[Skip to Content]
Access to paid content on this site is currently suspended due to excessive activity being detected from your IP address 54.167.149.128. Please contact the publisher to request reinstatement.
[Skip to Content Landing]
Views 811
Citations 0
Viewpoint
March 2016

Call to Action for General Surgery–Trained SpecialistsMaintain Both Breadth and Depth

Author Affiliations
  • 1Department of Surgery, Boston University, Boston, Massachusetts
  • 2Boston Medical Center, Boston, Massachusetts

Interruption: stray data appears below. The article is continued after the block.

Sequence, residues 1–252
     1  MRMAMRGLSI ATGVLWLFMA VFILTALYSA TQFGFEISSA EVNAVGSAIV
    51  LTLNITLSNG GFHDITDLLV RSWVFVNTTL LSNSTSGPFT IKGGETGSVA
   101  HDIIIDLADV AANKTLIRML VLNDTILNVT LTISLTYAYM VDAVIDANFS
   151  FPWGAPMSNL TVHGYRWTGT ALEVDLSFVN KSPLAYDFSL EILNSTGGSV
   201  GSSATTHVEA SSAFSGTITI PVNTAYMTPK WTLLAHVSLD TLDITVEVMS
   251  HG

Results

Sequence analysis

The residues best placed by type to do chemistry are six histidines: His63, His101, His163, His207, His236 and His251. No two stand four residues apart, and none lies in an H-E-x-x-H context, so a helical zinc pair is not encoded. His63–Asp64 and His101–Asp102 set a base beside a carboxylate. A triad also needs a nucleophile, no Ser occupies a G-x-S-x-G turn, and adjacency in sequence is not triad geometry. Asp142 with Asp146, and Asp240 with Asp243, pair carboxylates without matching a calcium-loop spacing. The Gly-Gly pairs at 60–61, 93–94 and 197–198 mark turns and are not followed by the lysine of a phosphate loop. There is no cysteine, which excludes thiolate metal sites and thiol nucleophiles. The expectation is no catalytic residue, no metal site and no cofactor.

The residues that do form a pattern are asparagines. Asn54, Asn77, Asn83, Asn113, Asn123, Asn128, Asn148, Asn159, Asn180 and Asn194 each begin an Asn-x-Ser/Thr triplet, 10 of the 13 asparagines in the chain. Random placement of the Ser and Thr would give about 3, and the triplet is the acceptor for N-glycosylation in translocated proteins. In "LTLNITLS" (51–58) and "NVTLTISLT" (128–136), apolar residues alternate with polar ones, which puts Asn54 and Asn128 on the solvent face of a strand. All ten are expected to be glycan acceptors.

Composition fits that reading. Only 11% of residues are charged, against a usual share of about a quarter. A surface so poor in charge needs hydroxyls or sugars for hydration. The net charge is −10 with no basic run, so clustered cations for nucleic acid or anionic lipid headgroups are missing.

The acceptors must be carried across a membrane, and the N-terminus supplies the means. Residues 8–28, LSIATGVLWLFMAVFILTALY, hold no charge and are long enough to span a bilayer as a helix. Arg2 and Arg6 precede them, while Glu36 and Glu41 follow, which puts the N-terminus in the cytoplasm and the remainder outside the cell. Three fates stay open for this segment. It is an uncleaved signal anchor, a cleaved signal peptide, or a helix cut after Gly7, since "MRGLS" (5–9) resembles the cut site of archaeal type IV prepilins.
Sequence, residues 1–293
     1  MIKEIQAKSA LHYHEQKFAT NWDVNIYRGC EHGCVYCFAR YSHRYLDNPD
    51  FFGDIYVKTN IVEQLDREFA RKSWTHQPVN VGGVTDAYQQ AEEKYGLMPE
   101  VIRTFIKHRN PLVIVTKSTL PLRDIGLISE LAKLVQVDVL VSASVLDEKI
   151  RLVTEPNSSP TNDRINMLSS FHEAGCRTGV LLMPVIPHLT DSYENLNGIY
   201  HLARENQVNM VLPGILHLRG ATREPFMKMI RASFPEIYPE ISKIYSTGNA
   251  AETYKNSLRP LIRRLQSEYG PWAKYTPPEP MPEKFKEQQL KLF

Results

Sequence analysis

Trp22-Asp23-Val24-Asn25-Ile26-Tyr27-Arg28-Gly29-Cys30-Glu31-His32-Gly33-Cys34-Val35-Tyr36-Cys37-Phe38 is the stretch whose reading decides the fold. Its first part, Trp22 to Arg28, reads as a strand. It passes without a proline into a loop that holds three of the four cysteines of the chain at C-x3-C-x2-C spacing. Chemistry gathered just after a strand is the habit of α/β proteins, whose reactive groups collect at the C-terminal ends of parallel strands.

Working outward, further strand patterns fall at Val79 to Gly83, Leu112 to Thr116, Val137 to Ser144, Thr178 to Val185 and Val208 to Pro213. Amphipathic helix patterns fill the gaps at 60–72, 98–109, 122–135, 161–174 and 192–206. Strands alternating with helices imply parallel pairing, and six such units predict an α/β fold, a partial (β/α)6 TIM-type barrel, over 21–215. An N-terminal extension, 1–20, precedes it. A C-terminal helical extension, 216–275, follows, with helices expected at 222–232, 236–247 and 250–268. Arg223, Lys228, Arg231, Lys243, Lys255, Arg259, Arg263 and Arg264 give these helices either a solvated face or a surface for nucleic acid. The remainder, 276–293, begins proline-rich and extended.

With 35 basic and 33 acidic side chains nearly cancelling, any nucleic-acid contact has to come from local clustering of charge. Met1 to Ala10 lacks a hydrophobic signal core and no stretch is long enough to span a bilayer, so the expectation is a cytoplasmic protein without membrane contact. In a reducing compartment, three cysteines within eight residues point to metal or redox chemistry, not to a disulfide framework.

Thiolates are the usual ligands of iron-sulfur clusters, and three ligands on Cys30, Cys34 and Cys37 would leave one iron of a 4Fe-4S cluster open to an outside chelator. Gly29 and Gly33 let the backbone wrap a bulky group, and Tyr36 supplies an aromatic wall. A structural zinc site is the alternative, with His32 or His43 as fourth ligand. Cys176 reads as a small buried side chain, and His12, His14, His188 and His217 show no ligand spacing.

JAMA Surg. 2016;151(3):209-210. doi:10.1001/jamasurg.2015.4653

In 2025, the United States will have work for about 27 000 more surgeons than will be available. This is the striking conclusion of a report from the American Association of Medical Colleges (AAMC) projecting the supply and demand for the US physician workforce.1 In fact, the shortage could be as many as 35 000 surgeons, if increased demand due to changing demographics, managed care scenarios, and expanded access to care due to the Affordable Care Act are accompanied by earlier surgeon retirements and millennial surgeon workload expectations. This need is especially acute because there are no nonphysician health care professionals who effectively substitute for surgeons in the workforce, in contrast to some other areas of medical practice.

First Page Preview View Large
First page PDF preview
First page PDF preview
×